LAS VEGAS – The troubled Aladdin hotel-casino filed for Chapter 11 bankruptcy protection Friday as creditors stood poised to seize its slot machines and other equipment.
The move allows the Las Vegas Strip's newest resort to remain open while management develops a reorganization plan, company officials said.
Aladdin Gaming LLC will receive $9 million in operating capital from the company's lending group through the Bank of Nova Scotia to meet its short-term cash flow needs, officials said.
The creditors also expressed to the court a willingness to lend up to an additional $41 million to maintain operations at the 2,567-room resort.
"Today's speedy and positive response by the court is a heartening move forward for Aladdin," said Aladdin spokesman Fred Lewis in a statement. "We will get about the business of reorganizing, mindful that we are part of a community and an industry that is feeling the effects of a national disaster. We will continue to work to attract guests to Las Vegas."
Aladdin Gaming executives will negotiate with creditors to reorganize the hotel-casino's debt, which has been placed as high $740 million. Court papers filed showed a debt of $593 million.
The $1.2 billion resort faced the possible loss of its slot machines and other equipment if it didn't file a bankruptcy petition by Friday, according to lenders who had not been paid.
The 13-month-old resort has been struggling, particularly in its casino, ever since its delayed opening, unable to produce enough cash flow to cover the interest payments on its mounting debt. Its daily win total in the quarter ending June 30 was $93 per slot machine, below the $125 average on the Las Vegas Strip and a far cry from the $140 per slot of Aladdin's neighboring casinos, analysts said.
London Clubs International, owner of 40 percent of the Aladdin's stock, kept the Aladdin afloat for its first year, investing millions of dollars into the property to cover shortages. But because of these investments and its share of the Aladdin's losses, the London casino operator has been weakened to a point it could become a takeover target, analysts say.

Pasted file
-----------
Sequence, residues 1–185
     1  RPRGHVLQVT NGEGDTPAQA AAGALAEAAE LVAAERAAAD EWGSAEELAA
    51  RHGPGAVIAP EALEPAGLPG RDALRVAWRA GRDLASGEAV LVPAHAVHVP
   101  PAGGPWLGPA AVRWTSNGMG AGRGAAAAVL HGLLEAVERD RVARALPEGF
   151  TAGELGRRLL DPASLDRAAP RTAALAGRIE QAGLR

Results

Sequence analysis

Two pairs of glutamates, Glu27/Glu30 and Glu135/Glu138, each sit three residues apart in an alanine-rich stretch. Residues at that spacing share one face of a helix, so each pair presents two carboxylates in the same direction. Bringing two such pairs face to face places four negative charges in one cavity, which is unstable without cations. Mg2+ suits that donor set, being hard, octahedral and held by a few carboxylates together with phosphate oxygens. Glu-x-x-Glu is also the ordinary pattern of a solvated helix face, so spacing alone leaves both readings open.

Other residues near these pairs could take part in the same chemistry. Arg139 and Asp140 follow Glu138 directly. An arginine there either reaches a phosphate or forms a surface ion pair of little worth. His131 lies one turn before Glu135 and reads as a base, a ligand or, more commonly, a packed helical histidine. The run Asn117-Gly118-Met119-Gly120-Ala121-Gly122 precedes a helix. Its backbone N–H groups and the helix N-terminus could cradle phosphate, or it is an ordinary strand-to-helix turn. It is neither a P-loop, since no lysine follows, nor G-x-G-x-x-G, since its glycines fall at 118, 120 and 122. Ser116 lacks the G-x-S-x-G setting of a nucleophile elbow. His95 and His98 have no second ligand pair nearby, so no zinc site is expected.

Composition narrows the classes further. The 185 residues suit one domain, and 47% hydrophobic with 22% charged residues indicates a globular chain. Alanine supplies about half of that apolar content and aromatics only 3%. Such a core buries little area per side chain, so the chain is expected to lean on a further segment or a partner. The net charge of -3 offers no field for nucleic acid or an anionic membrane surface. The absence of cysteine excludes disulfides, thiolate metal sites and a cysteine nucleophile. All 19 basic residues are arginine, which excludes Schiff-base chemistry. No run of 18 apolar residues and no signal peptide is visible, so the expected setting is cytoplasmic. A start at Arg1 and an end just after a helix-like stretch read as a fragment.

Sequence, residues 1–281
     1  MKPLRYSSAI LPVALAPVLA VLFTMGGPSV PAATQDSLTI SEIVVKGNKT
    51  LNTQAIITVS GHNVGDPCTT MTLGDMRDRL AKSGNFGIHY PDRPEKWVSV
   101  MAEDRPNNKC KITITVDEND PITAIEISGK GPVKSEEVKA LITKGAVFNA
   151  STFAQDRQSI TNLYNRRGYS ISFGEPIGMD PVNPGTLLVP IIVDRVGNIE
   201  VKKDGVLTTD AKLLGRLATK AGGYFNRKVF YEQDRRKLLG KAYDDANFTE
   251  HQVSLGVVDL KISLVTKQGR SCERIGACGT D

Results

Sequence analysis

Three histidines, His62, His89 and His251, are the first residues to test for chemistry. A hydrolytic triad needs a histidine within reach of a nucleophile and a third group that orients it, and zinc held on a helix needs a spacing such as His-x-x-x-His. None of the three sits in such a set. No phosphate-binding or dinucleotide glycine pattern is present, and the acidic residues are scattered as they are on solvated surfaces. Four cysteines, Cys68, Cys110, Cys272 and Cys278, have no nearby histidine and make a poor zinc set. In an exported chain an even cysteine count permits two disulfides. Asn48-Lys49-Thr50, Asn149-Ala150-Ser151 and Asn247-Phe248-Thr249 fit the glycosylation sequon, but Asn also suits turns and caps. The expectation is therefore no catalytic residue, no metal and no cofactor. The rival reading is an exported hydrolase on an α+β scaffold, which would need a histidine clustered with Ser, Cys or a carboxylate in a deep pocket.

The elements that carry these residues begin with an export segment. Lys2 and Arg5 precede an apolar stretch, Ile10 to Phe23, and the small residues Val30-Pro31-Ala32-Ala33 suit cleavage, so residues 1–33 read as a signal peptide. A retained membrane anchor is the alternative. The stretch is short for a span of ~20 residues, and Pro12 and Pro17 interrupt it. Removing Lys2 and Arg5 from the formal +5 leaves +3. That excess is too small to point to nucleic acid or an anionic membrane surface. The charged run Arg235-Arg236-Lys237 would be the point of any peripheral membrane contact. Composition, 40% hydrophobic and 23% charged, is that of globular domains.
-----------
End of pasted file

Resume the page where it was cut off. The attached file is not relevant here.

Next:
As a result, LCI's banks have refused to let the company invest any more cash in the Aladdin. And the Sommer Trust, the Aladdin's majority shareholder, has told Aladdin officials it does not have the liquidity to make any investments.
The resort defaulted on both its bank debt and its lease financing, and lenders had started to foreclose on the property.
The Aladdin said it no longer had the cash to even continue business operations.
About 2,600 people work at the Aladdin; 500 were laid off following a severe dip in Las Vegas tourism after the Sept. 11 terrorist attacks.
Aladdin's bankruptcy filing could open the door for a takeover by Park Place Entertainment Corp., which owns one-third of the Aladdin's junk bonds. Park Place officials have declined comment.
The Desert Passage shopping center, which is attached to the Aladdin, is independently owned and financed and is not included in the Chapter 11 filing.
"We're going to remain open for business as usual," said Andrew Blair, executive vice president and chief operating officer of TrizecHahn, the company that developed Desert Passage.
"The Chapter 11 itself will provide a fresh start for the hotel-casino. With that strengthened financial structure, this can really be a positive thing."